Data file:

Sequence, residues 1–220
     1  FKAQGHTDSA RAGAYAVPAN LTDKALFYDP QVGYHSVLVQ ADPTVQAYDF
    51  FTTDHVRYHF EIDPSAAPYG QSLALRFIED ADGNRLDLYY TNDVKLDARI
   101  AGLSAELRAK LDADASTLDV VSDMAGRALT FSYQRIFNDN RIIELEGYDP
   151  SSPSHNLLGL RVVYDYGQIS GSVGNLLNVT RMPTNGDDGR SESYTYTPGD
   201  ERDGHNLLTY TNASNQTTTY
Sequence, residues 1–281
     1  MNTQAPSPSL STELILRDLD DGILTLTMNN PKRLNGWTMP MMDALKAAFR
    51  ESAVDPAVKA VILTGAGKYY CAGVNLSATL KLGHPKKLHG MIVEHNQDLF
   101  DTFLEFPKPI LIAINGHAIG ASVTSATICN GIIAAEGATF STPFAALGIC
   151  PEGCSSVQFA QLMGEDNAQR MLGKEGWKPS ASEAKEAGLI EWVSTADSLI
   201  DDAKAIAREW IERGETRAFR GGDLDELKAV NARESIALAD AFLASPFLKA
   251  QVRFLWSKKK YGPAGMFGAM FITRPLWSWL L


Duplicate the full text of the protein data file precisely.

Sequence, residues 1–220
     1  FKAQGHTDSA RAGAYAVPAN LTDKALFYDP QVGYHSVLVQ ADPTVQAYDF
    51  FTTDHVRYHF EIDPSAAPYG QSLALRFIED ADGNRLDLYY TNDVKLDARI
   101  AGLSAELRAK LDADASTLDV VSDMAGRALT FSYQRIFNDN RIIELEGYDP
   151  SSPSHNLLGL RVVYDYGQIS GSVGNLLNVT RMPTNGDDGR SESYTYTPGD
   201  ERDGHNLLTY TNASNQTTTY
Sequence, residues 1–281
     1  MNTQAPSPSL STELILRDLD DGILTLTMNN PKRLNGWTMP MMDALKAAFR
    51  ESAVDPAVKA VILTGAGKYY CAGVNLSATL KLGHPKKLHG MIVEHNQDLF
   101  DTFLEFPKPI LIAINGHAIG ASVTSATICN GIIAAEGATF STPFAALGIC
   151  PEGCSSVQFA QLMGEDNAQR MLGKEGWKPS ASEAKEAGLI EWVSTADSLI
   201  DDAKAIAREW IERGETRAFR GGDLDELKAV NARESIALAD AFLASPFLKA
   251  QVRFLWSKKK YGPAGMFGAM FITRPLWSWL L